# Trig questions

1. Nov 8, 2005

### dnt

im trying to remember how to do some trig.

first of all, how do you find cos^-1 (5/3) without using a calculator?

2nd, i need help proving this identity:

2sin^2(x) - cos (x) - 2 sin (x) + 1 = 0

3rd, how do you evaluate sin 165 (which is sin (11/12 pi)) again without using a calculator.

thanks for the help. i know im suppose to try them first but i havent done this in a while and im really stuck.

also if someone could give me a good trig link so i can refresh on my trig, id appreciate it.

2. Nov 8, 2005

### benorin

sin 165 = sin(120+45), then use formula for sin(A+B)

recall that sin^2 x + cos^2 x = 1

and cos^-1 (5/3) does not exist since -1 <= cos(x) <= 1 for any x

3. Nov 8, 2005

### HallsofIvy

Staff Emeritus
As benorin said, cos(5/3) is impossible. cosine of any number cannot be larger than 1.
(2) is also impossible: it is NOT an identity. In particular, for x= 45 degrees,
sin 45= cos 45= $\frac{\sqrt{2}}{2}$ so
2 sin^2(45)- cos(45)- 2sin(45)+ 1=
$$\frac{2}{2}- \frac{\sqrt{2}}{2}- \sqrt{2}+ 1= 2- 3\frac{\sqrt{2}}{2}$$
not 0.
For (3), sin(165)= sin(120+ 45)= sin(2(60)+ 45). You should know the sine and cosine of both 60 and 45 and use the sum formula and double angle formula.

4. Nov 8, 2005

### dnt

ok, so it would be:

(sin 120)(cos 45) + (cos 120)(sin 45)

correct?

the full problem was sin[2 cos^-1(5/3)]

5. Nov 8, 2005

### dnt

i know how to do it if you use sin (120 + 45), assuming my work in the post right above is correct, but just for learning sake, how do you do it using sin (2(60) + 45) - the double angle formula with the sum formula?

edit: would you say [sin (2(60))* cos(45)] + [cos (2(60))* sin (45)] and then use the double angle formula to get:

(2)(sin 60)(cos 60) * (cos 45) + (cos 60)^2 - (sin 60)^2 * (sin 45)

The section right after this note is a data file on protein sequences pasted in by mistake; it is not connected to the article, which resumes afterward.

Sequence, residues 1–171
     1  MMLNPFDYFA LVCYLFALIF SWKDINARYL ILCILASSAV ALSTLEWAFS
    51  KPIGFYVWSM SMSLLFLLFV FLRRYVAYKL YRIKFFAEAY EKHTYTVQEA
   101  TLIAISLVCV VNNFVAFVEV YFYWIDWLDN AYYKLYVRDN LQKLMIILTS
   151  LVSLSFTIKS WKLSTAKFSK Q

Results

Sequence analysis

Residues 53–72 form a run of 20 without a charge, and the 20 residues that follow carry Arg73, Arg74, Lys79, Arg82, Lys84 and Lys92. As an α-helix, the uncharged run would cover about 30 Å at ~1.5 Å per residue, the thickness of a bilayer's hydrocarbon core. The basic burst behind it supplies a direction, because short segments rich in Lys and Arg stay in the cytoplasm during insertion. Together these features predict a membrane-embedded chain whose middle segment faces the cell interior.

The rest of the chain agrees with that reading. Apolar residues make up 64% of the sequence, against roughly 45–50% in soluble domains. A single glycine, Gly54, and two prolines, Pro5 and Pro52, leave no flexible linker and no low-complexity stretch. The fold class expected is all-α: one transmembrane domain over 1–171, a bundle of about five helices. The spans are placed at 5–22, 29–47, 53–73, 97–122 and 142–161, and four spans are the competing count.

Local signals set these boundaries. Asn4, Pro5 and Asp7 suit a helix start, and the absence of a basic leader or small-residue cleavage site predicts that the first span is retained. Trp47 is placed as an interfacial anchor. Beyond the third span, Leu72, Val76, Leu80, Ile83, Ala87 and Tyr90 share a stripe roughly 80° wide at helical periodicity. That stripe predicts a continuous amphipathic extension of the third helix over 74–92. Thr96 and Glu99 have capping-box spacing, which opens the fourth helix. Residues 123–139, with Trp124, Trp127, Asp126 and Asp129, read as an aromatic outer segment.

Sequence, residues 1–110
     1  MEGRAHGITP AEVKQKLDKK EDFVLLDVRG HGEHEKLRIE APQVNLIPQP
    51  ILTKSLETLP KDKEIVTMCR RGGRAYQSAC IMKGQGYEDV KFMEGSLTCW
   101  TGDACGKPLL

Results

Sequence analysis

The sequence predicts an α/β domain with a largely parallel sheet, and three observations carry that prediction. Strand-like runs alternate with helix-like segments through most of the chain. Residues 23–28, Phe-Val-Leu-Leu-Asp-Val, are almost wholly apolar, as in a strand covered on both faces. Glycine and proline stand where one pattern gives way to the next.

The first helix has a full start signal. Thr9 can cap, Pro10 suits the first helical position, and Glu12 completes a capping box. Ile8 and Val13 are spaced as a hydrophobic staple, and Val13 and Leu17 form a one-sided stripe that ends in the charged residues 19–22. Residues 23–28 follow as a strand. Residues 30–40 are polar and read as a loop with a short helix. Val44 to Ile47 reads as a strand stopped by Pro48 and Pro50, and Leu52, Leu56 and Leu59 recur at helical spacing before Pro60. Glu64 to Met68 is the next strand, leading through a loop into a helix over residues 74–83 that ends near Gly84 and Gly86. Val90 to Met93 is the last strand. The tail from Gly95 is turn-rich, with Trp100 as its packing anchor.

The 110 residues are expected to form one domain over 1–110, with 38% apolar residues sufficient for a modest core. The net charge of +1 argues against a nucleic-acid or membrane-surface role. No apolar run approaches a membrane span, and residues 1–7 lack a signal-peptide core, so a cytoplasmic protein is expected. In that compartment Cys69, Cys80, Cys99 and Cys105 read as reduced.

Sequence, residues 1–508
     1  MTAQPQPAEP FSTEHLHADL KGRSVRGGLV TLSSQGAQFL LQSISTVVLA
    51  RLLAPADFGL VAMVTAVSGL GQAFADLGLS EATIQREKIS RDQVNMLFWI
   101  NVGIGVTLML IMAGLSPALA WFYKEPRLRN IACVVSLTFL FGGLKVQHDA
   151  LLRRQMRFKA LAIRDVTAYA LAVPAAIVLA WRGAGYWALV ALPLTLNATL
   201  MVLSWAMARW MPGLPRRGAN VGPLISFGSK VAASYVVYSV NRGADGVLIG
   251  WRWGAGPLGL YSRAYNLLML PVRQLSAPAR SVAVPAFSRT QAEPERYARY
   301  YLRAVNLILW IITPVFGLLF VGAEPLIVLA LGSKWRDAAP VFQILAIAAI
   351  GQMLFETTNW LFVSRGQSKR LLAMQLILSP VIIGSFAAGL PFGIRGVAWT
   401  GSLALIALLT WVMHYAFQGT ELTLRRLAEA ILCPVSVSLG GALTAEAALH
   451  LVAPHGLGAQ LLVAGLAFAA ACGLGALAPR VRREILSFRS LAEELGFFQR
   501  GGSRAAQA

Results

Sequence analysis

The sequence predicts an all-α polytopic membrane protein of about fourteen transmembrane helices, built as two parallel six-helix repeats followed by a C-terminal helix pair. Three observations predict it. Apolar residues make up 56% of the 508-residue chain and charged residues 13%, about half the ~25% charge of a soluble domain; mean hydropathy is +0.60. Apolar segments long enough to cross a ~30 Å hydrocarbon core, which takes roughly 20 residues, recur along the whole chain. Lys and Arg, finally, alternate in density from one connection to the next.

Last edited: Nov 8, 2005
6. Nov 8, 2005

### dnt

another identity i could use some help in:

(csc X)/(1 - cos X) = (1 - sin X)/(cos^2 X)

what i tried to do was say cos^2 X = 1 - sin^2 X

then i factored it so it would cancel with the top. leaving me with:

(csc X)/(1 - cos X) = 1/(1 + sin X)

but now im stuck.

7. Nov 8, 2005

### HallsofIvy

Staff Emeritus
The problem you have is that that is NOT an identity. Again, if X= 45 degrees, then the formula becomes
$$\frac{\sqrt{2}}{1- \frac{\sqrt{2}}{2}}= \frac{1- \sqrt{2}}{\frac{1}{2}}$$
That is NOT true! Where are you getting these problems?

8. Nov 8, 2005

### dnt

a book. well i feel better for not being able to get them :)

thanks for the help.

9. Nov 9, 2005

### dnt

oops...the actual problem was

sin[2 cos^-1(3/5)]

(not 5/3)

now can someone help me with this? thanks.

10. Nov 9, 2005

### BerryBoy

I hope this helps you,
Regards,
Sam

11. Nov 10, 2005

### dnt

12. Nov 10, 2005

### moose

In this one "first of all, how do you find cos^-1 (5/3) without using a calculator? "

It's extremely simple

the ratio between the adjacent and hypotenus can never be greater than one, because the adjacent side cannot be longer than the hypotenus.

13. Nov 10, 2005

### dnt

thanks, but that was already explained above. how do you do cos^-1 (3/5)?

14. Nov 11, 2005

### BerryBoy

Is the question actually asking you to find the value of arccos(3/5)?

Or are you trying to work it out as a step in your calculations?

Regards,
Sam

15. Nov 11, 2005

### HallsofIvy

Staff Emeritus
You said before:
"oops...the actual problem was

sin[2 cos^-1(3/5)]"

BerryBoy then showed you how to get that, without actually finding the angle. In fact there is no way to get an exact answer for the cos-1(3/5).

16. Nov 11, 2005

### dnt

sorry, the full problem is sin[2 cos^-1(3/5)]

but is there any way to find cos^-1(3/5) by itself without a calculator?

if not, how do you find the answer to the above full problem? would it be:

2(4/5)(3/5) = 24/25

is that right?

17. Nov 11, 2005

### HallsofIvy

Staff Emeritus
There is no way, other than by approximation, either by Taylor's series or by successive approximations.

Yes,you can do sin(2arccos(3\5)) just as suggested. If cos x= 3/5, sinx= 4/5 sin(2x)= 2(4/5)(3/5)= 24/25.